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Kathy Polias
01-03-10, 16:59
Hello everyone:

I hope you are well. This is Kathy Polias from the Uyghur American Association (www.uyghuramerican.org) writing again.

The following e-mail/letter/petition action is for individuals who live in the United States. A regular meeting of the United Nations Human Rights Council (HRC) in Geneva began today -- March 1st -- and will continue until March 26th. (The UN HRC has three regular meetings each year.) On March 15th, the general debate on Item 4 (“Human rights situations that require the Council’s attention”) of the meeting agenda will be held. During this general debate, the HRC’s member States and observer States have the opportunity to take the floor and raise human rights situations of concern. During the general debate on Item 4 at the last Human Rights Council meeting in September 2009, the United States raised the issue of the July 2009 incidents in Urumchi and the aftermath. The United States said, “We followed closely the recent disturbances in China’s Xinjiang Uighur autonomous region and last year’s unrest in Tibetan areas. We urge the Chinese authorities, as they work to maintain order, to respect the safety and legal rights of all of China’s citizens and to make efforts to find a solution to legitimate grievances.” See http://geneva.usmission.gov/2009/09/22/item-4-general-debate-2/ .

We are very grateful to the United States for raising these issues last September. We need to urge the U.S. to raise them again at the general debate on Item 4 on March 15th during the current session of the UN Human Rights Council, particularly since there have been many major, disturbing developments in the Uyghurs’ human rights situation since September 2009. The point of this e-mail/letter/petition action is to ask the U.S. to raise these issues again.

We have set up a petition at http://www.gopetition.com/online/34381.html addressed to the following US officials making this request: Ambassador Betty E. King, U.S. Permanent Representative to the United Nations in Geneva; and Mr. Douglas Griffiths, Deputy Permanent Representative to the UN in Geneva. If you live in the United States, please consider signing the petition. The petition is set up so that signatures will NOT be displayed online/publicly displayed.

Below and attached is also letter/message for individuals in the United States to e-mail and fax to Ambassador King and Deputy Permanent Representative Griffiths.

Please take action immediately, as the general debate on Item 4 is only two weeks away. Thank you so much.

E-MAILING THE MESSAGE POSTED BELOW

Please copy the message to Ambassador King and Deputy Permanent Representative Griffiths and paste it into an e-mail. Please type your name, city, and country (United States of America) at the bottom of the message, and e-mail it to Ambassador King and DPR Griffiths at: usa@ties.itu.int.

Here are some suggestions for what to type in the subject line/heading:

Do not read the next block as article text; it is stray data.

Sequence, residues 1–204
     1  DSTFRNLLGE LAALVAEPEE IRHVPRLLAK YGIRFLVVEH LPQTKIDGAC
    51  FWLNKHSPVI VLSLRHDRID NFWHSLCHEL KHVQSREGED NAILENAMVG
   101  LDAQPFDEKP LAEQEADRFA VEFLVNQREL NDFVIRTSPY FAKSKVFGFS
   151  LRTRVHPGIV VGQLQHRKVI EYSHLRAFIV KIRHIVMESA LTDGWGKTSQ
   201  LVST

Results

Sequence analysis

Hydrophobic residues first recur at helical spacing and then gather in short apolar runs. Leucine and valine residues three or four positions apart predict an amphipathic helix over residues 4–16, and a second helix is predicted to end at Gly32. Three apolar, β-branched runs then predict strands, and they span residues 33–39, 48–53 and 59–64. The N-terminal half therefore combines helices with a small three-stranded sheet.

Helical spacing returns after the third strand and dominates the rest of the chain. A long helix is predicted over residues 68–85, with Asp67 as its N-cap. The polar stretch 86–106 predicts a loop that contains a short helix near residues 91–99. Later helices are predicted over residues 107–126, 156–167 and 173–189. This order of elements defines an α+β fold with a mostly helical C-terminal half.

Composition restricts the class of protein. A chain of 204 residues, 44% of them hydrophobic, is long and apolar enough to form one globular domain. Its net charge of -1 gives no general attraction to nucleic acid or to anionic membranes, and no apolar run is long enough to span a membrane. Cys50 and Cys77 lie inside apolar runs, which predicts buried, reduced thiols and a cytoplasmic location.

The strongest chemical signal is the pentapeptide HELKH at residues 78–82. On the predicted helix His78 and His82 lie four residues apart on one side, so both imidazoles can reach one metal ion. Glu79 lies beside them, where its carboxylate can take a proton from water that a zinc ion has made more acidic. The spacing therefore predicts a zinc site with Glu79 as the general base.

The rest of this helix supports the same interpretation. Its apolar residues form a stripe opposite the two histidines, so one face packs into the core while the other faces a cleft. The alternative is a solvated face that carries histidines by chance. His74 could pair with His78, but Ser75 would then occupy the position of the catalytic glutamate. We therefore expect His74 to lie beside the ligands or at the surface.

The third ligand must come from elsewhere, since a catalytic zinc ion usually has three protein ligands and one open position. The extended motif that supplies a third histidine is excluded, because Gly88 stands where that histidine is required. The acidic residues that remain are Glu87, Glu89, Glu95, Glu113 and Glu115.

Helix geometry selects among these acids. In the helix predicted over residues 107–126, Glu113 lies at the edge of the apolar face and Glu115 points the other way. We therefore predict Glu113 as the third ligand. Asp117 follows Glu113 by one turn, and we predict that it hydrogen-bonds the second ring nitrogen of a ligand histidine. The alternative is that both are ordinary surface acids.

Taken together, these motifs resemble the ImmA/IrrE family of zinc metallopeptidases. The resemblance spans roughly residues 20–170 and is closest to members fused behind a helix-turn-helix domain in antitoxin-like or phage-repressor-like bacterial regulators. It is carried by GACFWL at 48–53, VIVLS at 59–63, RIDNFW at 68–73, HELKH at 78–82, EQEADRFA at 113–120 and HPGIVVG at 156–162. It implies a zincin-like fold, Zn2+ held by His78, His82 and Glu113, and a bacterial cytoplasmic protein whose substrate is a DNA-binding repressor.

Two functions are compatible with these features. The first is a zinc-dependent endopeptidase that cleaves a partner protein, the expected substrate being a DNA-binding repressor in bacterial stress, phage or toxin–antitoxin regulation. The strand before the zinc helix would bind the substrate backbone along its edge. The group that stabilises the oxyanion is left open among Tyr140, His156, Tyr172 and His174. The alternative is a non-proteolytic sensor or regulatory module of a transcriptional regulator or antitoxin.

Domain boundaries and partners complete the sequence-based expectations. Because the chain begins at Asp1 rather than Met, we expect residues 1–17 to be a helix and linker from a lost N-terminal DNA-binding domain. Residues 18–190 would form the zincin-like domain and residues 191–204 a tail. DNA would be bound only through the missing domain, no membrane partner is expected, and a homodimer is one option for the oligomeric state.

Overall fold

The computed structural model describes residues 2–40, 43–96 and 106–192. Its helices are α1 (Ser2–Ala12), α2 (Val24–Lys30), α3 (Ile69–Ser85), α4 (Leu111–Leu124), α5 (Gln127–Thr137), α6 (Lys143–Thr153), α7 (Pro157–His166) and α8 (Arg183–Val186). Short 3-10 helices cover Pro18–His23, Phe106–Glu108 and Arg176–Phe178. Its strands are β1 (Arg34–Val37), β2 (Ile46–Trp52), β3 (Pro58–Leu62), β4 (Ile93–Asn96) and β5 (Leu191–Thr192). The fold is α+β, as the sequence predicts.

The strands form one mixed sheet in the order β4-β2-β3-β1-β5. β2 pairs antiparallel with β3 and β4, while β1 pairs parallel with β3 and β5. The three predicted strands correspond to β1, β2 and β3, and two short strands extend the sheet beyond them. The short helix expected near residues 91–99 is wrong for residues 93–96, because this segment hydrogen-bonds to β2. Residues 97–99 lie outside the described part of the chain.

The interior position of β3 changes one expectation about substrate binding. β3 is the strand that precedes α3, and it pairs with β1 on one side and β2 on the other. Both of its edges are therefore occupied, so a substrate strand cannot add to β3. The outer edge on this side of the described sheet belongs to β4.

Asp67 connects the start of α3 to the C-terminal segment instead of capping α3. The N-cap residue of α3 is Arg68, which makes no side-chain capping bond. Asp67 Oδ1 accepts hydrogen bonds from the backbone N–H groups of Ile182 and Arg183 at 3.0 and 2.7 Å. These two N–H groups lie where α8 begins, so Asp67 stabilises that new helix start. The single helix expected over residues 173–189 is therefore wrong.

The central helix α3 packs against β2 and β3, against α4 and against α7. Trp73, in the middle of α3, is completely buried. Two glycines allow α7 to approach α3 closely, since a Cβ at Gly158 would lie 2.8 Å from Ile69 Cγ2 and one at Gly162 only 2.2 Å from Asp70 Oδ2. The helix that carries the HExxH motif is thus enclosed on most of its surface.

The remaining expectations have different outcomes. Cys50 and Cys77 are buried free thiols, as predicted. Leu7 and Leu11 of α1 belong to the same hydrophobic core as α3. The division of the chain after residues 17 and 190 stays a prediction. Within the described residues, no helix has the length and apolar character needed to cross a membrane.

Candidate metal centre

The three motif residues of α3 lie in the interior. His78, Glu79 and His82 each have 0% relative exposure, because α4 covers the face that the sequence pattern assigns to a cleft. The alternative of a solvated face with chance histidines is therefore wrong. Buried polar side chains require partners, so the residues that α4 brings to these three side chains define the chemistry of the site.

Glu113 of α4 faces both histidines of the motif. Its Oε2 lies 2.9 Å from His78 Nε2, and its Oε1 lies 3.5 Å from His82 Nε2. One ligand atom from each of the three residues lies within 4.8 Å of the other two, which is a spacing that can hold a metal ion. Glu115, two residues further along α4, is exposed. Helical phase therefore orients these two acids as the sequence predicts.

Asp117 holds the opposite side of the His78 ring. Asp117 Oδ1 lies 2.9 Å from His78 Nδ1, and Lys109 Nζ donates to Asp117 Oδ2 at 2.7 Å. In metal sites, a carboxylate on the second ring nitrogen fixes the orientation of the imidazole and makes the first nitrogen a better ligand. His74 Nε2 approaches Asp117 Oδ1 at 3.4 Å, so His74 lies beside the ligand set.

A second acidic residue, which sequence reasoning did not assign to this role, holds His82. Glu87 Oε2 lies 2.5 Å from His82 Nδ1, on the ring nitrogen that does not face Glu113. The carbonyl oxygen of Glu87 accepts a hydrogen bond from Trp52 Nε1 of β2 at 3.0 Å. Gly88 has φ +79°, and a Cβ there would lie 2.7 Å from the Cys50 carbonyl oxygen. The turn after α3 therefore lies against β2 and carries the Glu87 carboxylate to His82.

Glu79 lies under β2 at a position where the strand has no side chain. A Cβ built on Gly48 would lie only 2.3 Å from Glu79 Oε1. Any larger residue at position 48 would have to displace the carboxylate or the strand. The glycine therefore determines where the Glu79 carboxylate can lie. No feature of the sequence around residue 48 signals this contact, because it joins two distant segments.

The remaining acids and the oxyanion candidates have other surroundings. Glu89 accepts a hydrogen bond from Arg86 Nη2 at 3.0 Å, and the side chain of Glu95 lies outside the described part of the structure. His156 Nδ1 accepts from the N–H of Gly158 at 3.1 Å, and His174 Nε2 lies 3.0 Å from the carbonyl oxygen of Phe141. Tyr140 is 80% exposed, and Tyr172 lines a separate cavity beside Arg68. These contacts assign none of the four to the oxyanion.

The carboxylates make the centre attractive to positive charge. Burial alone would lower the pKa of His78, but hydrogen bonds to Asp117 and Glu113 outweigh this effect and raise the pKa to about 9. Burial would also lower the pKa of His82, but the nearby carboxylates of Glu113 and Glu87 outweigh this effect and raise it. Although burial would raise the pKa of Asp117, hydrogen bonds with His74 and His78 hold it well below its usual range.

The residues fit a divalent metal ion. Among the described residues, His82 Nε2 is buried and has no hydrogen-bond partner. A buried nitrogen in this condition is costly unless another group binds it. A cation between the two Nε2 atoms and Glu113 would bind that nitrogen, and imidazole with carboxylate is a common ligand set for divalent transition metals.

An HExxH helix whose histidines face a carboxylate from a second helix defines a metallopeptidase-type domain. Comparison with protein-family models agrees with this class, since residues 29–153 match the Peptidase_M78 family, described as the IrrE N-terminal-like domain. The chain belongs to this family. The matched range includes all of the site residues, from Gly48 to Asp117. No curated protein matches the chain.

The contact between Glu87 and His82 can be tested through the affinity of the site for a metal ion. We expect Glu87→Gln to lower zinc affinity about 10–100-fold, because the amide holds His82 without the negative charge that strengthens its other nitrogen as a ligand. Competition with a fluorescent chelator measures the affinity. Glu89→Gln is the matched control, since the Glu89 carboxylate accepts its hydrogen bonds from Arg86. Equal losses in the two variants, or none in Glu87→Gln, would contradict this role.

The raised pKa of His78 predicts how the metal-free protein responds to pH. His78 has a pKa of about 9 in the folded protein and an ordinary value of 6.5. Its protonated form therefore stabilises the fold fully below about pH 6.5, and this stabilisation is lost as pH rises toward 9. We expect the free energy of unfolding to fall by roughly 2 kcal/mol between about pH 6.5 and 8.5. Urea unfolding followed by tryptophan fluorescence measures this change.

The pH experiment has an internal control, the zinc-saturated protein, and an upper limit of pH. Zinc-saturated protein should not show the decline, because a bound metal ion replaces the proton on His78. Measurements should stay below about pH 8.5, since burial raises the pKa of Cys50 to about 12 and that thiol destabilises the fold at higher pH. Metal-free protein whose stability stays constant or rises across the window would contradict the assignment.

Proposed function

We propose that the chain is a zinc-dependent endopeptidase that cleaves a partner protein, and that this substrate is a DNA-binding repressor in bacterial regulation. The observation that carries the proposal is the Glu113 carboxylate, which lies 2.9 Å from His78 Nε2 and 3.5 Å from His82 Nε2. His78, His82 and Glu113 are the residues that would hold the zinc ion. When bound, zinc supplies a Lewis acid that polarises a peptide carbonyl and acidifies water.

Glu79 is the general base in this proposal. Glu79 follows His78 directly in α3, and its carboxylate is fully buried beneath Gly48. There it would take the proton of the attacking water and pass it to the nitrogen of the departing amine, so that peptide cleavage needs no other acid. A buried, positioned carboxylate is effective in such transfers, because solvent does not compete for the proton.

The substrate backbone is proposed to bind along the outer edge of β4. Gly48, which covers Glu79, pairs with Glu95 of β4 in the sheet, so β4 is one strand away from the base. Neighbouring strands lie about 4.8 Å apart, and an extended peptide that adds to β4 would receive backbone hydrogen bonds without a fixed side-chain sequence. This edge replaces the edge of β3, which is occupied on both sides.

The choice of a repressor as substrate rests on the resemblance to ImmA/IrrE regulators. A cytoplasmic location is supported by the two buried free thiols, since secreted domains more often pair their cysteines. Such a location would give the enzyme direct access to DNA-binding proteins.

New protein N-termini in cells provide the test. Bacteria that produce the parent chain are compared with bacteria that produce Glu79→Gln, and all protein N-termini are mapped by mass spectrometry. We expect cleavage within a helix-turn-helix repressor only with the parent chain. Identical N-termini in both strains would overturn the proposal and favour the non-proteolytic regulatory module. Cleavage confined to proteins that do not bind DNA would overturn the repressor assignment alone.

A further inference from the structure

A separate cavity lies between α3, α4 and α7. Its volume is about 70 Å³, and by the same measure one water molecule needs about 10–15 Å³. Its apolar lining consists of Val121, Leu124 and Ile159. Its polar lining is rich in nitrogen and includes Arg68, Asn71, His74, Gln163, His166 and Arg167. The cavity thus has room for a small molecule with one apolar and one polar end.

(1) Please raise the Uyghurs’ plight during the general debate on Item 4
(2) Please give a voice to the Uyghur people during the general debate on Item 4
(3) Please draw attention to the Uyghurs’ suffering during the general debate on Item 4

FAXING THE ATTACHED LETTER

The letter is also attached to this posting as a pdf file. Please print it out and sign it. Then fax it to Ambassador King and DPR Griffiths at this fax number: 011-41-22-749-4880. If you include a cover sheet with your fax, please indicate your city, state, and country on the cover sheet.

Best wishes,
Kathy

Kathy Polias
United Nations Liaison/Communications Specialist
Uyghur American Association
Cell phone number: 347-285-6546
E-mail: kpolias@uyghuramerican.org
Mailing address and facsimile: 1701 Pennsylvania Avenue, NW, Suite 300,
Washington, DC 20006, Fax No: (202) 349-1491
Website: www.uyghuramerican.org
************************************************** **********************

Dear Ambassador King and Deputy Permanent Representative Griffiths:

I respectfully request that during the general debate on Item 4 (“Human rights situations that require the Council’s attention”) at the United Nations Human Rights Council meeting in March 2010, the United States discuss the grave and egregious human rights violations that the Chinese government committed during – and has committed in the aftermath of – the peaceful Uyghur protest and the ethnic unrest that occurred in July 2009 in Urumchi, the regional capital of East Turkestan [also known as the Xinjiang Uyghur Autonomous Region (XUAR) of China].

I greatly appreciate the United States’ reference to the July 2009 incidents and the aftermath during the general debate on Item 4 at the September 2009 UN Human Rights Council meeting. The United States stated, “We followed closely the recent disturbances in China’s Xinjiang Uighur autonomous region and last year’s unrest in Tibetan areas. We urge the Chinese authorities, as they work to maintain order, to respect the safety and legal rights of all of China’s citizens and to make efforts to find a solution to legitimate grievances.” I ask the United States to raise these issues again at the March 2010 meeting, as the Uyghurs’ human rights situation continues to rapidly deteriorate and many major developments have occurred since the September 2009 meeting, including but not limited to the arbitrary sentencing of at least 24 Uyghurs to death, the arbitrary execution of at least 8 of these Uyghurs, and the release of a report by Human Rights Watch on the enforced disappearances of many young Uyghur men and boys. The Uyghurs continue to desperately need the help of the United States.